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Treasury cuts fuel levy to support price freeze

Treasury has cut the fuel levy on fuel imports by between 34 and 63 percent per litre, as it moved to prevent any further cost driven price increases in the country, which may have negative impact on slowing inflation.

Finance and Economic Development Professor Mthuli Ncube effected the cut after amending section 22H of the Finance Act provisions on the NOCZIM Debt Redemption and Strategic Reserve Levy.

The existing legal provision was amended through Statutory Instrument 254A of 2021.

Motorists have often bemoaned what they termed “inflated prices” due to the many taxes levied on fuel imports. To support his announced fuel price freeze in November, Minister Ncube has cut the fuel imports levy substantially.

As such, he said with effect from November 11, 2021 up to December 10, 2021, and in terms of section 22H (“NOCZIM debt redemption and strategic reserve levy) of the Finance Act, as amended by SI254A of 2021, the levy would be calculated at 0,047 per US dollars per litre of diesel or 0,057 US dollars per litre of petrol.

In terms of the SI254A of 2021, published in the Government gazette of November 11, 2021, the provisions apply to any person licensed by the minister responsible for energy to import the petroleum product in bulk.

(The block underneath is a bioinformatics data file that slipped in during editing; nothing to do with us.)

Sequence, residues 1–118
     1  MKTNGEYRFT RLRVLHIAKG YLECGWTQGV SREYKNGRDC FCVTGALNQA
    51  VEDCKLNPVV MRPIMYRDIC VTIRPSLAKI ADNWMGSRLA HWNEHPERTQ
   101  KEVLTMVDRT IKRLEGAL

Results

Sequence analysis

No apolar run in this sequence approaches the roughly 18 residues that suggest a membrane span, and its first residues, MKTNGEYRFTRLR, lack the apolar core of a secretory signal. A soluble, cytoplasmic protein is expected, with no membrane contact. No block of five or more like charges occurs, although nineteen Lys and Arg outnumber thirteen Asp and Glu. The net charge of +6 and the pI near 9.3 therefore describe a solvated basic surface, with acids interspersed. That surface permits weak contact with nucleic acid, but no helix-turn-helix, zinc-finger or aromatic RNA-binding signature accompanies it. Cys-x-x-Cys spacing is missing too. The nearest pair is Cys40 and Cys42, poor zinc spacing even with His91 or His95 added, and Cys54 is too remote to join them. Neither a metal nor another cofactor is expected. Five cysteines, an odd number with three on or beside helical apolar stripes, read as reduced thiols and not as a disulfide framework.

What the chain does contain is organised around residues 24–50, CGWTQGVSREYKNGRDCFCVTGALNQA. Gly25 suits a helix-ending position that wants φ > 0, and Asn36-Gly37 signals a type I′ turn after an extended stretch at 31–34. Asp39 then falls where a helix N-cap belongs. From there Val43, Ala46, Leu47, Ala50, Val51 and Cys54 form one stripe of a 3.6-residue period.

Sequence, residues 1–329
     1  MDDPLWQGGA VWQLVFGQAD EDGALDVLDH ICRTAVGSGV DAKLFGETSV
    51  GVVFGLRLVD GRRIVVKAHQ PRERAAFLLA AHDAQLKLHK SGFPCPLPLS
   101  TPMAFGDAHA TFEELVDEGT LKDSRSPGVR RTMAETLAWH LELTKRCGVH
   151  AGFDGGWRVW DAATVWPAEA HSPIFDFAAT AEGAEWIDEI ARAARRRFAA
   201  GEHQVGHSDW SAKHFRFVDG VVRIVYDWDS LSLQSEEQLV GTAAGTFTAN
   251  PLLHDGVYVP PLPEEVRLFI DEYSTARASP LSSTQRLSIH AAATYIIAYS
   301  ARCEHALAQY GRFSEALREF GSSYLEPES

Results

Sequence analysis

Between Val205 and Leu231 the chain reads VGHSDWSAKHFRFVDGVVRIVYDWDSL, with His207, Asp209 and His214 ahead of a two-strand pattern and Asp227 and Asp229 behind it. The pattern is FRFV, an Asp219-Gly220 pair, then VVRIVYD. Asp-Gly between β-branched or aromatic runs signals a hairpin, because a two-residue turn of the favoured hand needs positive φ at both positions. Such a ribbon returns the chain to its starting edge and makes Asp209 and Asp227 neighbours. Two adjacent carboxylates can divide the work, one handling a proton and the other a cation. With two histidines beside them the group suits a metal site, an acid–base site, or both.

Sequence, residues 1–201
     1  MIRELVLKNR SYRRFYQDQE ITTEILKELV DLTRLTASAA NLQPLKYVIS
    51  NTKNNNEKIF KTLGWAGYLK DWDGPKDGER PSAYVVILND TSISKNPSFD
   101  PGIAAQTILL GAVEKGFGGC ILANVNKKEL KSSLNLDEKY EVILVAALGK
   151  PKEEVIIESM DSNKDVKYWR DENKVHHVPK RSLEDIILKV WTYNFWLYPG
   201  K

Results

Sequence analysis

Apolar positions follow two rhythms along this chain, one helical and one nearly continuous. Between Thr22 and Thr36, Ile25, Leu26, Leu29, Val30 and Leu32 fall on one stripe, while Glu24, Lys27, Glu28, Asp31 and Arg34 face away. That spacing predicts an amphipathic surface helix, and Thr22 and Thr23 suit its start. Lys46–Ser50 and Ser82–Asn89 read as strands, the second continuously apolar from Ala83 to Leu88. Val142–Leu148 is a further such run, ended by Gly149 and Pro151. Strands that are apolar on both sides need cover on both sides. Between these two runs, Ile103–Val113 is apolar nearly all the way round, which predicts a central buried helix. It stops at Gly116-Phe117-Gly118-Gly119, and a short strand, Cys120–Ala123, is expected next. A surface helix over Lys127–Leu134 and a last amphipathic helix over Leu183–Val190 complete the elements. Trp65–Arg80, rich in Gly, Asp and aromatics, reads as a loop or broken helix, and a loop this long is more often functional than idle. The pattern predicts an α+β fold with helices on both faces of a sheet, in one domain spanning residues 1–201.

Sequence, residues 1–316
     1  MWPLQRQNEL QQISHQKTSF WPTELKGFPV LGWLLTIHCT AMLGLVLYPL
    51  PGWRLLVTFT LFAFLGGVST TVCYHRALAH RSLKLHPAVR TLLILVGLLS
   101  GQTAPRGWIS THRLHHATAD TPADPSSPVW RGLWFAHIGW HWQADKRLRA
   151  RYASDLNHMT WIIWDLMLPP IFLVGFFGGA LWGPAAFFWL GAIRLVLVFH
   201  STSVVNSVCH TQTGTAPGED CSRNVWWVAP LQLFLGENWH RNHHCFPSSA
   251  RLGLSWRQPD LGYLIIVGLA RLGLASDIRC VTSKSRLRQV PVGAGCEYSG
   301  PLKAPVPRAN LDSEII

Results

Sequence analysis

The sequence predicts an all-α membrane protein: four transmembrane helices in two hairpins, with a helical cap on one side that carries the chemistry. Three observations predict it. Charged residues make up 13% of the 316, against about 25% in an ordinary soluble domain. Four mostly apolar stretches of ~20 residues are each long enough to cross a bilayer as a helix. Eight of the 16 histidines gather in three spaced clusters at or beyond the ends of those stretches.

Minister Ncube told delegates at the Zimbabwe Investment Conference in Glasgow, Scotland, recently that fuel prices in Zimbabwe would remain unchanged for the remainder of 2021.

“With oil hovering at US$85/barrel it affects us as fuel net importers and it affects the costs of doing business, we are aware of those problems.

“For those of us going back to Zimbabwe, I can say we are likely to see the price of fuel unchanged this month (November) and next month (December),” Minister Ncube said.

In October, Zimbabwe Energy Regulatory Authority (ZERA) hiked the price of diesel from US$1,34 to US$1,38, while that of petrol went to US$1,40 up from US$1,38.

Duty contributed US$0,30 to the cost of every litre of fuel imported via pipeline and US$0,35 per litre for fuel imported through road haulage.

Other costs, ZINARA road levy (US$0,06), carbon tax (US$0,04) and other taxes; including the NOCZIM debt redemption tax are then added to take the total taxation to US$0,49 per litre consumed locally.

Businesses in the petroleum value chain, especially the thriving retailers, will then pay ZERA licence fees and additional taxes levied on operating income.

Close to 90 percent of the fuel imported in Zimbabwe is transported via the Beira to Harare pipeline while 10 percent is imported by independent petroleum companies by road.

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